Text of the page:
Robert Chartoff, producer: “We never considered anyone else for the part of Paulie but Burt Young. When we read the script, we thought he was a natural for it and never offered it to anyone but Burt.”
Burt Young on the smashing-up-apartment scene: “The narcotic of being a fighter is once in a while, for me … you got to find things to make you breathe under duress. And that’s what you need as an actor. At least you don’t get punched in the face as an actor. But you could get punched in the heart when you leave a set, or a stage – and not do honest work.”
Sylvester Stallone: “This explosive scene when he pulls the baseball bat out and destroys everything in the house that has value because he has realized he is going to be left alone…”
Talia Shire on Burt Young smashing up the apartment: “It was ridiculous, it was outrageous, it was amazing, it was beautiful. Burt looks for the contradiction – in the language, in the moment, and in the physical application with his own body and how he is going to handle a prop. The bat … So Burt looks for that, and then he looks for discovery. So that in the moment of doing one of these things, he’s not even sure why he’s doing it. Then you have a moment when he makes the discovery, and it’s usually a vulnerable moment.” —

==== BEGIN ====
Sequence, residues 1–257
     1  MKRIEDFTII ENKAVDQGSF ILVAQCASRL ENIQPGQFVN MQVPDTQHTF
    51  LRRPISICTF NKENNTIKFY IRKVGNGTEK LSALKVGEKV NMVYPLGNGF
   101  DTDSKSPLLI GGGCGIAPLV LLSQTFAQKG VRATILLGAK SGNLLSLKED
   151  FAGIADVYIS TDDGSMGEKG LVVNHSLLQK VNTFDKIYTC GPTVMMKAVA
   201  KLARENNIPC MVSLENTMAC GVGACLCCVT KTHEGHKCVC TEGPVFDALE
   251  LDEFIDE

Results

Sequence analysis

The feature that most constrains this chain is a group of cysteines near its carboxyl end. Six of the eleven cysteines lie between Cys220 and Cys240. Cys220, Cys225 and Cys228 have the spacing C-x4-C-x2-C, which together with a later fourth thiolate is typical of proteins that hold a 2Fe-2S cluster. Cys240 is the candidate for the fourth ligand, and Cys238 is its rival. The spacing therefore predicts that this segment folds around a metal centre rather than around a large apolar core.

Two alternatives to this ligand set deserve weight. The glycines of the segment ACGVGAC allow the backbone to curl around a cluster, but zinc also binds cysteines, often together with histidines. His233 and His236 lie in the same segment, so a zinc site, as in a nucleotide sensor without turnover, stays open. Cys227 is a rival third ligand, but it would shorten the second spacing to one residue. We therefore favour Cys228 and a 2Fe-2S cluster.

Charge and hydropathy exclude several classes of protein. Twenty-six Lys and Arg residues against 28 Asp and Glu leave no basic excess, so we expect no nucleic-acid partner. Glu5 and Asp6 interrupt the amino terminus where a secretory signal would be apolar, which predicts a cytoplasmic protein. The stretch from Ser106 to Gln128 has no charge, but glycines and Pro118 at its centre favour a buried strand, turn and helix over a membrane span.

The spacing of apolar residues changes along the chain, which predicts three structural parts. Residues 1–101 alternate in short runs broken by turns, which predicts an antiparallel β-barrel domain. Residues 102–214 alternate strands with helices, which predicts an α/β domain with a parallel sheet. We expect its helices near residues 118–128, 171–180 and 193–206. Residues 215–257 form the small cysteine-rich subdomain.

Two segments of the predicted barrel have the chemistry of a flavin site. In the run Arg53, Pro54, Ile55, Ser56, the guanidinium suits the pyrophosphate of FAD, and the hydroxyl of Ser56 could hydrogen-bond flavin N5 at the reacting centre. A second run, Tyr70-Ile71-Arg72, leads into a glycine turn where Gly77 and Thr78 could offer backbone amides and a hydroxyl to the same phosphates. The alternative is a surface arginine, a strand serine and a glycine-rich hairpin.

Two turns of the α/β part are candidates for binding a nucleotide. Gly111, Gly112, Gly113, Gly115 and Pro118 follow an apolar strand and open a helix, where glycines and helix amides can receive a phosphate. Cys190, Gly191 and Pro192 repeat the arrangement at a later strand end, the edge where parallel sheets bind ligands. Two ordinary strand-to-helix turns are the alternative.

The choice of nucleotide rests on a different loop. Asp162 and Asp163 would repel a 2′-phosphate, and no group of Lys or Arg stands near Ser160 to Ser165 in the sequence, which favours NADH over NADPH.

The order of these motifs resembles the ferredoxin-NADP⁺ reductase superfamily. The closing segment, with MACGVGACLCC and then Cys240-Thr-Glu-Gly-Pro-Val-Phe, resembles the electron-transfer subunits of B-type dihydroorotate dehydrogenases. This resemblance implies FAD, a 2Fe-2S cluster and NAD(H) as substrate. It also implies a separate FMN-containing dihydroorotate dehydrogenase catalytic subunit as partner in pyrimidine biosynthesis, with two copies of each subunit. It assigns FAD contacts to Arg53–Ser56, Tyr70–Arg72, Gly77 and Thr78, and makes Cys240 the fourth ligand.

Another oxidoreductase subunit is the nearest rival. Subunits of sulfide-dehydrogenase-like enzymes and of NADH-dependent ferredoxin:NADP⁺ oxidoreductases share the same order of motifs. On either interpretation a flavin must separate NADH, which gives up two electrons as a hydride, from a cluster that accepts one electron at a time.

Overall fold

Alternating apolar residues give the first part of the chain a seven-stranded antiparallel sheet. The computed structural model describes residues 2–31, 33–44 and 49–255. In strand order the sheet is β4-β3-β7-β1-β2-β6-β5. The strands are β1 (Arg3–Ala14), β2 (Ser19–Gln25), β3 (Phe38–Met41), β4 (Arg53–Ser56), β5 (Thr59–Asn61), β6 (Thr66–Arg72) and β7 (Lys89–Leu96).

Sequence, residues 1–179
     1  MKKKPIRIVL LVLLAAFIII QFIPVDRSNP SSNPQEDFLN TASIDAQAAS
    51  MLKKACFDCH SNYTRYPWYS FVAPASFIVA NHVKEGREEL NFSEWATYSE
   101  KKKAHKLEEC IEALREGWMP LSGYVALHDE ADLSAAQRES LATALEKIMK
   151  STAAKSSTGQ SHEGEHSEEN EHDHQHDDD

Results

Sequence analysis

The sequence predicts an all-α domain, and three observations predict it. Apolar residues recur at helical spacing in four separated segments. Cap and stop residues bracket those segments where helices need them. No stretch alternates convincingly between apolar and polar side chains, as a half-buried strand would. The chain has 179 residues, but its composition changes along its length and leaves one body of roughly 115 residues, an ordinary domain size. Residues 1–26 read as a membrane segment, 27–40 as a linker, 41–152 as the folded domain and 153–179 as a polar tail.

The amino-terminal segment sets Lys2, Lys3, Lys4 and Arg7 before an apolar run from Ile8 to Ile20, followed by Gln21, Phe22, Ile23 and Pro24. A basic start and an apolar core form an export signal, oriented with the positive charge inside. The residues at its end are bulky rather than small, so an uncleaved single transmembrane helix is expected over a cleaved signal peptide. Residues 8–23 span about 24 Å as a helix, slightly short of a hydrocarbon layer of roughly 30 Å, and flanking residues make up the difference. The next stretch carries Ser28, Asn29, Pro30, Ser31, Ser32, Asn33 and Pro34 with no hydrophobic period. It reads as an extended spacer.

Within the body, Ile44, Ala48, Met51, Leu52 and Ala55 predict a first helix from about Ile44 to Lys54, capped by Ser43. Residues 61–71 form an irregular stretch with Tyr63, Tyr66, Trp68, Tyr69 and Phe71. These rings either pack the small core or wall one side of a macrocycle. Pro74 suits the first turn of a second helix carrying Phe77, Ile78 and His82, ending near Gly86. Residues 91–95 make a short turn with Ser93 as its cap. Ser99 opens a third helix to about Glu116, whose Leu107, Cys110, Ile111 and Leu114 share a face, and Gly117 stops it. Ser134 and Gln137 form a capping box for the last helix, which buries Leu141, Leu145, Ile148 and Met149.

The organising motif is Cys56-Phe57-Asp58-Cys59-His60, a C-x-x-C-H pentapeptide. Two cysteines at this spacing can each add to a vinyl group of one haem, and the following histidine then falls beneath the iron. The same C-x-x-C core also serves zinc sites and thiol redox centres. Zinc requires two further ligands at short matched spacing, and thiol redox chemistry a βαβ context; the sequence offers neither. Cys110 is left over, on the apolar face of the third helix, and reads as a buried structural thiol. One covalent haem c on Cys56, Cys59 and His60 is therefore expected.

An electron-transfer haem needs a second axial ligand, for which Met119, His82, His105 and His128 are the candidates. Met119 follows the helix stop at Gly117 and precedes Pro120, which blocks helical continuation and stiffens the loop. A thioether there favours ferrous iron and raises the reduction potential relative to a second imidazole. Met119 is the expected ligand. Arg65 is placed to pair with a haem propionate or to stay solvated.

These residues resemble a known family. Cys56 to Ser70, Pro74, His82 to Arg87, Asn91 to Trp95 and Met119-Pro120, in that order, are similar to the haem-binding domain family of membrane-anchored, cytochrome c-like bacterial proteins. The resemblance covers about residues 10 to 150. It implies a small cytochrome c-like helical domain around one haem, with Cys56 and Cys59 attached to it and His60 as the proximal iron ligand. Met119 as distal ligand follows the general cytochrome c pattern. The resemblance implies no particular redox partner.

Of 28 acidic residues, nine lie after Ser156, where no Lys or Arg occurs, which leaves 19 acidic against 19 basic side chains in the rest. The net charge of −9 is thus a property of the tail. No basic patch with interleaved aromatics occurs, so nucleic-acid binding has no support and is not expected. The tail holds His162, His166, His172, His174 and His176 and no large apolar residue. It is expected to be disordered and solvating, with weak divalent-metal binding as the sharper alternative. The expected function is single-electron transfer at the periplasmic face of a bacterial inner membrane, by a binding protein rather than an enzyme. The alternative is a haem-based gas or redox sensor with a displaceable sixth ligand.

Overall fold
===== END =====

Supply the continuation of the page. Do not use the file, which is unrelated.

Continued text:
Burt Young: I was gonna wreak havoc. And John [Avildsen] said, “No, no, Burt … one swing … and then … another swing …” I said, “John! I’m cookin’! I can’t do that! It’s like you’re giving me a line reading!” He said, “Burt. Try it.” It was so painful to me. First of all, it was embarrassing. To show that kind of violence in front of everybody. But it worked. That’s where John became my director. And friend.
Sylvester Stallone: You see this man come from a drunken state to towering rage to a broken child on the couch. I mean, how much better can it get? It can’t get much better.
Robert Chertoff: I feel like I was honored to be present when they did that scene. It was so bloody real, and they did it many times. It was real, and it was scary. Burt Young was just so incredible. The intensity that he brought to it … well. I think it was clearly captured in the scene.